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Grassley: Government shouldn’t ‘decide when to pull the plug on grandma’
WINTERSET — Americans should be scared of provisions in a health care bill currently in the U.S. House because it will allow the government to have a say in end-of-life decisions, Republican U.S. Sen. Chuck Grassley told a crowd of more than 300 Wednesday morning.
“In the House bill, there is counseling for end of life,” Grassley said. “You have every right to fear. You shouldn’t have counseling at the end of life, you should have done that 20 years before. Should not have a government run plan to decide when to pull the plug on grandma”
The conspiracy theory of the government deciding who lives and dies has been making the rounds of late, gaining momentum after former Alaska Gov. Sarah Palin posted a message on her Facebook saying President Obama’s health care plan might kill her child who was born with Down Syndrome.
The portion of the House health care bill in question was written by Republican Sen. Johnny Isakson of Georgia. It would require Medicare to pay for end-of-life counseling sessions, which would be voluntary. Isakson told The Washington Post that it is “nuts” that anyone would look at the language of the bill and conclude it promotes euthanasia.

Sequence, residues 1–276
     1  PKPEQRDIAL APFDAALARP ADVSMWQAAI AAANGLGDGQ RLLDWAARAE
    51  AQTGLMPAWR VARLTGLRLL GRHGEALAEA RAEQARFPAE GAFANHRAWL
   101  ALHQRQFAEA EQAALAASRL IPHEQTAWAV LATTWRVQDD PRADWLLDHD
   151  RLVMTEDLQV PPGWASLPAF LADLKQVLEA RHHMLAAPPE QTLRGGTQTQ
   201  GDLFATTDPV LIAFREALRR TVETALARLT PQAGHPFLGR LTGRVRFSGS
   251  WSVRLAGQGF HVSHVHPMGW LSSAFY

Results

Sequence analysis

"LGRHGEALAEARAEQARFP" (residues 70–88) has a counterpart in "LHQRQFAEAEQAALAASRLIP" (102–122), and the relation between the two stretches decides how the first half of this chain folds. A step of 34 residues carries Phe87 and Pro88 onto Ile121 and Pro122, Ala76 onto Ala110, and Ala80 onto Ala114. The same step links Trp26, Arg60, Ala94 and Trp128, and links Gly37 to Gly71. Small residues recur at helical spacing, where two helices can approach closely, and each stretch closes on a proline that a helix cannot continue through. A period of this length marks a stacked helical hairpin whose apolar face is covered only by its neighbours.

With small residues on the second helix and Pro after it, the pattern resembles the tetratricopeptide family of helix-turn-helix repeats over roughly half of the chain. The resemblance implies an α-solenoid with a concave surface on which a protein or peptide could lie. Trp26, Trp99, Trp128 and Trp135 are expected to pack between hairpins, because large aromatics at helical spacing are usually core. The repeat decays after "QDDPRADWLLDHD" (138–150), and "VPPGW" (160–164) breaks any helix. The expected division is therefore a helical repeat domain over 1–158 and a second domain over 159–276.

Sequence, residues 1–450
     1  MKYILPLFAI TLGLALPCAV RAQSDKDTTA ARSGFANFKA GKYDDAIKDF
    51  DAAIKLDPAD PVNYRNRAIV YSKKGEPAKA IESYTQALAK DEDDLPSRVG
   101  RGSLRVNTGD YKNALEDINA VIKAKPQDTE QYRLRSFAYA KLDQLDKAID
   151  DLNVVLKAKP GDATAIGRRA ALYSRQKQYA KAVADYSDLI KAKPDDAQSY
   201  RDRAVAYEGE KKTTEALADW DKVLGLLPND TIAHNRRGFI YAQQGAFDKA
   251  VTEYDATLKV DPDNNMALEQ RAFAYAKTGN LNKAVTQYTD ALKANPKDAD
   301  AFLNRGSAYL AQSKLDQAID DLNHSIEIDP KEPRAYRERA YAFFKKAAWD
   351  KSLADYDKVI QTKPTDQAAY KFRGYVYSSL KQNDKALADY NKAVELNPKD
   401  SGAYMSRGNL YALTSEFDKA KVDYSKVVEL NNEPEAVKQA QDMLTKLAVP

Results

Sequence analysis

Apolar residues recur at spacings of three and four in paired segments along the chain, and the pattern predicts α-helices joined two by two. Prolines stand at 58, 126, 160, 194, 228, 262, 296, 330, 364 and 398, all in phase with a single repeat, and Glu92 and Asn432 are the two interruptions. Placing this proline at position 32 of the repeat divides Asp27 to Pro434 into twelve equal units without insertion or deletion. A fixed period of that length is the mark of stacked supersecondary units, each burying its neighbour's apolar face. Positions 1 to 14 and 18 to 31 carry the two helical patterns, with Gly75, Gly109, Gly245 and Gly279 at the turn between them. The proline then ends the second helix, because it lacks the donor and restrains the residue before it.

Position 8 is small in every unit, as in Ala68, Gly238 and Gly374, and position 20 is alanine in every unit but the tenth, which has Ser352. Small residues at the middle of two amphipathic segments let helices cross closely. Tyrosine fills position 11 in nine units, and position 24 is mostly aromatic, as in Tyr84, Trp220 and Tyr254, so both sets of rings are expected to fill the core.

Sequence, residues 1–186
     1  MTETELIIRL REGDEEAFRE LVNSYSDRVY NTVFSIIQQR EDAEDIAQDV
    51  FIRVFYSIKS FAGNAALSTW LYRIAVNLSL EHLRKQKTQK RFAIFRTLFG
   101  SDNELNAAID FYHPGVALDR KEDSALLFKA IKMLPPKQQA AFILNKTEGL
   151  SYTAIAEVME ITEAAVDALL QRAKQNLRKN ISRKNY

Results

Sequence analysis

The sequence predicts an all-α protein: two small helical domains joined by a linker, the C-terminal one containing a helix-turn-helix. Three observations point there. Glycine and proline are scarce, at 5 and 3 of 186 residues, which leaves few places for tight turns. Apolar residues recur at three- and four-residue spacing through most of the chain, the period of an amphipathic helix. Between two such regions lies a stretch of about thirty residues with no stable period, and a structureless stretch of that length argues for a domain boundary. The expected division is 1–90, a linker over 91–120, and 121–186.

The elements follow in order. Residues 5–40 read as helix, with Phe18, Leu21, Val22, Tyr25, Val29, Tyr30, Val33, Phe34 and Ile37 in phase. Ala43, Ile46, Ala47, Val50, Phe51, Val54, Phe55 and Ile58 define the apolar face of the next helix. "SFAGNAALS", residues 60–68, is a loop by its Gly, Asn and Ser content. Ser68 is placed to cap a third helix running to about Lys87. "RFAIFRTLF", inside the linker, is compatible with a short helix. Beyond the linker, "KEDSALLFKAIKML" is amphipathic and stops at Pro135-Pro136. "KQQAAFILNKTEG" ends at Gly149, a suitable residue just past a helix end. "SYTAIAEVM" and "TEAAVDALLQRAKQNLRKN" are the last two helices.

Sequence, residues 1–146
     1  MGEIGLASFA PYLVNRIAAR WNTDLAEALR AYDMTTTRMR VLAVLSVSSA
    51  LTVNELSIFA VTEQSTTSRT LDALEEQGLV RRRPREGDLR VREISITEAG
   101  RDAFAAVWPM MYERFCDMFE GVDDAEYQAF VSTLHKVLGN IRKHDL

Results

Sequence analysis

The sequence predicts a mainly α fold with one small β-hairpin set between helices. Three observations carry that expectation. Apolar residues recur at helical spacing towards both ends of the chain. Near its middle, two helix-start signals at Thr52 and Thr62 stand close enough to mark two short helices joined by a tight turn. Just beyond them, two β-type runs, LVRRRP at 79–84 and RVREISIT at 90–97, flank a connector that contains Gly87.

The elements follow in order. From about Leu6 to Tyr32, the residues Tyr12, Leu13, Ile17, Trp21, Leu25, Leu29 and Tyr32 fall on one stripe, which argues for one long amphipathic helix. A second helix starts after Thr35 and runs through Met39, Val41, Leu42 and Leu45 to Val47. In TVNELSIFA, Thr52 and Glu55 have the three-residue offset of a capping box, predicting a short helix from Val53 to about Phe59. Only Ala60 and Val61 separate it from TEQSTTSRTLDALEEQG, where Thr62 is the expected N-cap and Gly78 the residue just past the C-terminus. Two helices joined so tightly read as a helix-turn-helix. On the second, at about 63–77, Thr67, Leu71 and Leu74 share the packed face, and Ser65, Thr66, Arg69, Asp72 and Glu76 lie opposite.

“It empowers you to be able to make decisions at a difficult time rather than having the government making them for you,” he said.
In a statement released shortly after the event, Democratic state Sen. Joe Bolkom of Iowa City called on Grassley to condemn those spreading lies about health care reform, pointing out that a living will provision similar to the one discussed in the U.S. House has already been passed in Iowa by “large bipartisan majorities.”
Instead, while responding to a question about older Americans being “systematically denied health care” due to their age, Grassley fanned the flames of the rumor, telling the crowd there are many congressman who would like the government to have authority to intervene in end-of-life decisions.
“There are some people who think it is a terrible problem that grandma is laying in a bed with tubes in her… and that the government should intervene,” he said. “I think that’s a family or religious thing that needs to be dealt with.”
This isn’t the first time Grassley has used debunked rumors during the health care debate. Last week he said Democratic U.S. Sen. Edward Kennedy of Massachusetts would not receive quality care for his brain tumor under President Obama’s health care plan because the care would go to a younger person who can “contribute more to the economy.”
The town hall forum, which did not erupt in chaos like so many across the country, was the first of four Grassley will hold Wednesday. As the ranking Republican on the Senate Finance Committee, which continues to work toward a bill to reform the country’s health care system, Grassley has been the focus of a lot attention from both supporters and opponents of reform.
The gathering drew the attention of national media, with CNN and Fox News broadcasting portions of the event live.